US Fish and Wildlife Service
USFWS


The US Fish and Wildlife Service (USFWS) has three main objectives (from their website):

[F]irst, assist in the development and application of an environmental stewardship ethic for our society, based on ecological principles, scientific knowledge of fish and wildlife, and a sense of moral responsibility; second, guide the conservation, development, and management of the Nation’s fish and wildlife resources; and third, administer a national program to provide the public opportunities to understand, appreciate, and wisely use fish and wildlife resources.

David Hays (WDFW), Karla Drewson (USFWS), and Ted Thomas (USFWS) discuss giant red Indian paintbrush (Castilleja miniata) plants for prairie propagation. Photo by Jaal Mann.

David Hays (WDFW), Karla Drewson (USFWS), and Ted Thomas (USFWS) discuss giant red Indian paintbrush (Castilleja miniata) plants for prairie propagation. Photo by Jaal Mann.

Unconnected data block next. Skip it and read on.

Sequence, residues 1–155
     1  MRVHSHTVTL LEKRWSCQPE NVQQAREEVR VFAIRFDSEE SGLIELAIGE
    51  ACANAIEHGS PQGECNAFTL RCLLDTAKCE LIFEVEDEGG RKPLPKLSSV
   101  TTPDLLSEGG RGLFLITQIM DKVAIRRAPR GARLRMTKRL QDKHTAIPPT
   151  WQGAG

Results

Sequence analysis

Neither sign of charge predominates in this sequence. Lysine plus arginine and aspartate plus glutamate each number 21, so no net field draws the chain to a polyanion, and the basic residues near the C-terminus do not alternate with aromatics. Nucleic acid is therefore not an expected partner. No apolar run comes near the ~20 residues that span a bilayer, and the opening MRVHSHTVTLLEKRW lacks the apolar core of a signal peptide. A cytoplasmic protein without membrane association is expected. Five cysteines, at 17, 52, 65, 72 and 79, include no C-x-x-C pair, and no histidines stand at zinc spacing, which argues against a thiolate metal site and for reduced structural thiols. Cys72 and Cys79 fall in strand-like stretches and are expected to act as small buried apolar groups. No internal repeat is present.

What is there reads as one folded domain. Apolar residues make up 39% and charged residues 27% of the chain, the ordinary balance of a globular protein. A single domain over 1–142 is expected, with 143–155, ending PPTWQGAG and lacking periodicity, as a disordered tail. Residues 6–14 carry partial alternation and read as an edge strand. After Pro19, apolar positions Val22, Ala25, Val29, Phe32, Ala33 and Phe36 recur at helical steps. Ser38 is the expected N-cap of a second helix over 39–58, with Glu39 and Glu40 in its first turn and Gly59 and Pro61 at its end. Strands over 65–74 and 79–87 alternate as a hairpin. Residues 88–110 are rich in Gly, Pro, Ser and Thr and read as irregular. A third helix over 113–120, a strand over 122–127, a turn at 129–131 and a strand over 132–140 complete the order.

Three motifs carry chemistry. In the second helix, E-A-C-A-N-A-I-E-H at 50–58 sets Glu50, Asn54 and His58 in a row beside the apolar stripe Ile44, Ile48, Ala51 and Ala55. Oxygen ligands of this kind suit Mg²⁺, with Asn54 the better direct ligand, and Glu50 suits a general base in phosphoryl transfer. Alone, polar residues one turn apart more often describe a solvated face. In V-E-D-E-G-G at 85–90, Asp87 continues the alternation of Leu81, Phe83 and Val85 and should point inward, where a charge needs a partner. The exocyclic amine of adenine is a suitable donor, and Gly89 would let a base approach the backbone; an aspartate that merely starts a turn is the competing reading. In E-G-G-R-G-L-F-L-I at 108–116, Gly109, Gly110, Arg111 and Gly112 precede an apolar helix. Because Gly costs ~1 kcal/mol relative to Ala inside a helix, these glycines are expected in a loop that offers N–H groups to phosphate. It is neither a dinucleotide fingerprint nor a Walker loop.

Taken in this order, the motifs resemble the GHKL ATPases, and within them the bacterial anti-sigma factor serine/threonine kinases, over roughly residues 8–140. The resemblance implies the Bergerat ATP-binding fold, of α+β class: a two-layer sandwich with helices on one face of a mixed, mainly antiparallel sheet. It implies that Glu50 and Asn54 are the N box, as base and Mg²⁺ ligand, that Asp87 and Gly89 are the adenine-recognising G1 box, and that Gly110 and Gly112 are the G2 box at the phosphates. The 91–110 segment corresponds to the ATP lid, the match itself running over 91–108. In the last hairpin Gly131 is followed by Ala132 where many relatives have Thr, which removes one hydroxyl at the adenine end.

One of the major ways these objectives are met is through the management of 551 National Wildlife Refuges throughout the country. Several refuges in the northwest are home to populations of Oregon spotted frogs, and from 2008 to 2012 these sites served as donors to the OSF recovery project. Egg masses were taken from the sites and raised in captivity, leading to much higher egg-to-adult success rates than if the eggs had developed in the presence of predators and other environmental stressors.

The USFWS administers the Endangered Species Act and helps to manage the recovery efforts of all threatened and endangered species in the US. SPP works closely with our partners at USFWS on our recovery efforts for all endangered species in our care. For example, in addition to their involvement with the OSF recovery group, the USFWS also administered the funds from the Army Compatible Use Buffer program which paid for the Taylor’s checkerspot rearing facility at Mission Creek Corrections Center for Women.

Butterfly greenhouse at Mission Creek Corrections Center. Photo by Benj Drummond.

Butterfly greenhouse at Mission Creek Corrections Center. Photo by Benj Drummond.